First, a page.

The boundaries among rare book librarianship, visual resources, and the sciences are blurring.  So many of the questions I handle are along the lines of "Can you help me find an image of _____?"--whether it's an archaeological site or a period map or a particular plant.  There are fantastic print resources and databases for some of these queries (natural history in particular), but others are lacking.  Much of it comes down to knowing the collections and knowing the personality of specific library catalogs.  But it's also important to keep up with developing tools and metadata standards in fields other than our own.  I just learned about Audubon Core, a descriptive metadata standard for biodiversity resources, and I've been working with natural history materials for years.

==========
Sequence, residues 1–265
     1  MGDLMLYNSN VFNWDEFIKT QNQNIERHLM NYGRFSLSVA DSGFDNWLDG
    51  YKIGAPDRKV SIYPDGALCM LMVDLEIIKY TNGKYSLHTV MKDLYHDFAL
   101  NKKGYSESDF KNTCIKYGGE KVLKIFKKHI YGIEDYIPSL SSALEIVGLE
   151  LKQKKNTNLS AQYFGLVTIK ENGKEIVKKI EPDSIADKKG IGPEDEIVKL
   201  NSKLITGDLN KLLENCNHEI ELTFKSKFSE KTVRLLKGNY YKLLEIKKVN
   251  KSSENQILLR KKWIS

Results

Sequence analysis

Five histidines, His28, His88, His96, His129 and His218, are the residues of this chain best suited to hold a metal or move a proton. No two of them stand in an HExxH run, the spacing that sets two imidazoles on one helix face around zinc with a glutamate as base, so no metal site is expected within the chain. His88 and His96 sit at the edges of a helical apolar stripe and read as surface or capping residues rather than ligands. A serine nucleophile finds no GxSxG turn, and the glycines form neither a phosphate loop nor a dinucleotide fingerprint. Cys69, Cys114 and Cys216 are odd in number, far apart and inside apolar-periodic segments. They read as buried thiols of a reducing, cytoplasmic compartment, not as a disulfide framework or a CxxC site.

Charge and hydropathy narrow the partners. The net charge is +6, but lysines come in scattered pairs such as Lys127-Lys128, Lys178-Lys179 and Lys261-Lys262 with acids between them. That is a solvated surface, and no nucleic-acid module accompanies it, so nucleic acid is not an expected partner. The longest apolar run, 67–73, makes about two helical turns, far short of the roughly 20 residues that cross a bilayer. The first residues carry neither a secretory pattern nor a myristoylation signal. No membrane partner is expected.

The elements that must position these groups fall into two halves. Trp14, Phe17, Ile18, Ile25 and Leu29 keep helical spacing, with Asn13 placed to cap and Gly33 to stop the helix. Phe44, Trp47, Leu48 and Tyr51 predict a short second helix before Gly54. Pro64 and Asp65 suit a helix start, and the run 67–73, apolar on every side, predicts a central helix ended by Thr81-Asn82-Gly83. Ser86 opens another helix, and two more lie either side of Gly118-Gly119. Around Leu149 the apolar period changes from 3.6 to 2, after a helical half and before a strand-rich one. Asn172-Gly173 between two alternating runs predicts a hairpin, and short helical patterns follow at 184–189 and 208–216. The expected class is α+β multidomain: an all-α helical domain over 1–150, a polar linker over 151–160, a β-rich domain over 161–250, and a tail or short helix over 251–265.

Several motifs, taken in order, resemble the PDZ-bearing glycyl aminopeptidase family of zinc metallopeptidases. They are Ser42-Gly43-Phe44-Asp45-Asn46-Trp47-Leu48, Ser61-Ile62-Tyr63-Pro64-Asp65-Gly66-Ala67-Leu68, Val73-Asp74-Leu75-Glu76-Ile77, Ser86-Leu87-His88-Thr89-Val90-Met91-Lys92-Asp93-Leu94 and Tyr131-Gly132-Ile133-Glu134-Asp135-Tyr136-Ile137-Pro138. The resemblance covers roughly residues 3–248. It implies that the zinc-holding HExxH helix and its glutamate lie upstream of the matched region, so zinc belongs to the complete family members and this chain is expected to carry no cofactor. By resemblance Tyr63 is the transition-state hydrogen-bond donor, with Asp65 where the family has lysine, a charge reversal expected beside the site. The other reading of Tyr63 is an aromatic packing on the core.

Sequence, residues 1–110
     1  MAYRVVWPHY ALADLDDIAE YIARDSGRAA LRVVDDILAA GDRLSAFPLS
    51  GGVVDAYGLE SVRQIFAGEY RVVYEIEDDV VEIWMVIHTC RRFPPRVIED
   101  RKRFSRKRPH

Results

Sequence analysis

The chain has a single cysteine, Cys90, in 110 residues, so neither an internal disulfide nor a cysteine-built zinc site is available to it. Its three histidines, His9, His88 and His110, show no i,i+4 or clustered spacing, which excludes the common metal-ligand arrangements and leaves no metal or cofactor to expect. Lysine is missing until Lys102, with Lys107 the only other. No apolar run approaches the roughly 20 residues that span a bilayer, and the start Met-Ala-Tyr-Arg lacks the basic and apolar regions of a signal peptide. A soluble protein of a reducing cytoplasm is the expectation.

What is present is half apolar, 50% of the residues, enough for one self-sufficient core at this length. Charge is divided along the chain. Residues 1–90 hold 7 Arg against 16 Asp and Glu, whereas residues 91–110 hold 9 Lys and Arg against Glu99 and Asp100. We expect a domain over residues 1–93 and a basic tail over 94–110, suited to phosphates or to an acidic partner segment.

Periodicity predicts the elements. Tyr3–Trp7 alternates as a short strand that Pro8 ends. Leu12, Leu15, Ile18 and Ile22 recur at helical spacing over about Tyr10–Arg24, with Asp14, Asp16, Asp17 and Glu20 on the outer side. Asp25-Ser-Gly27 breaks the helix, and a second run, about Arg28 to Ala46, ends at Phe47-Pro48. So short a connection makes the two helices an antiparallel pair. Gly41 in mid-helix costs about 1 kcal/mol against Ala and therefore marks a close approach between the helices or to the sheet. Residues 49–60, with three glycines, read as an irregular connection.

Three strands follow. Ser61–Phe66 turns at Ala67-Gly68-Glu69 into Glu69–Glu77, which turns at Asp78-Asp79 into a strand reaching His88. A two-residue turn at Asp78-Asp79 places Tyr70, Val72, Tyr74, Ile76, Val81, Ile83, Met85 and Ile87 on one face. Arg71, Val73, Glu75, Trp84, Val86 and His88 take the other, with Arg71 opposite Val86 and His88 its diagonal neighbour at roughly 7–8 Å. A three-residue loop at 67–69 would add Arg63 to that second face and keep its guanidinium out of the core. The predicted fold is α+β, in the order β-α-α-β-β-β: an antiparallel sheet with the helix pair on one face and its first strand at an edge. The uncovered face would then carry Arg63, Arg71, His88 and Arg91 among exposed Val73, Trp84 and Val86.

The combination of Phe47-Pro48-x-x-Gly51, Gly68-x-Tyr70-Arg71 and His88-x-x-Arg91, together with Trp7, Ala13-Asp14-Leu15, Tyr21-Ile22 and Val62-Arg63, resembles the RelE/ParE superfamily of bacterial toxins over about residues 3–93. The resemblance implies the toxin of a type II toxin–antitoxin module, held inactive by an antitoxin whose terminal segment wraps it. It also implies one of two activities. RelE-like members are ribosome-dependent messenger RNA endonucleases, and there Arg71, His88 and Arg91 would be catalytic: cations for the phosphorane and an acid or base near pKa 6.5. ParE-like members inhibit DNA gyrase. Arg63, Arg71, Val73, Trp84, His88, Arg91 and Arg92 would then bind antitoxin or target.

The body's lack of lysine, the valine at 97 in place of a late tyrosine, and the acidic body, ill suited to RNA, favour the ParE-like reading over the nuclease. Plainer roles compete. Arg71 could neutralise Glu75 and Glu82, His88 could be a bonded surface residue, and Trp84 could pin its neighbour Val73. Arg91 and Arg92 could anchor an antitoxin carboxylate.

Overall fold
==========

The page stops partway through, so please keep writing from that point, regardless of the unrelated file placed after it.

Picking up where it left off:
Any unusual or interesting collection at your library you'd like to draw our attention to?

Yes!--in collaboration with Jason W. Dean at the University of Arkansas I am working on S. Fred Prince, an illustrator of natural history who worked primarily in the Ozarks in the late nineteenth and early twentieth centuries.  Much of his work is based on specimens he collected and observed in the field.  He produced work on ferns, wildflowers, caves, and butterflies.  The manuscript materials are now held in a number of collections around the United States.  Some are at Dumbarton Oaks, including a manuscript on ferns that also includes maps and pressed specimens.  We hope to gain more exposure for his work.  We've just started putting materials on Tumblr and I'm sure I'll be Tweeting developments @stampedinblind.

Any upcoming exhibitions at your library?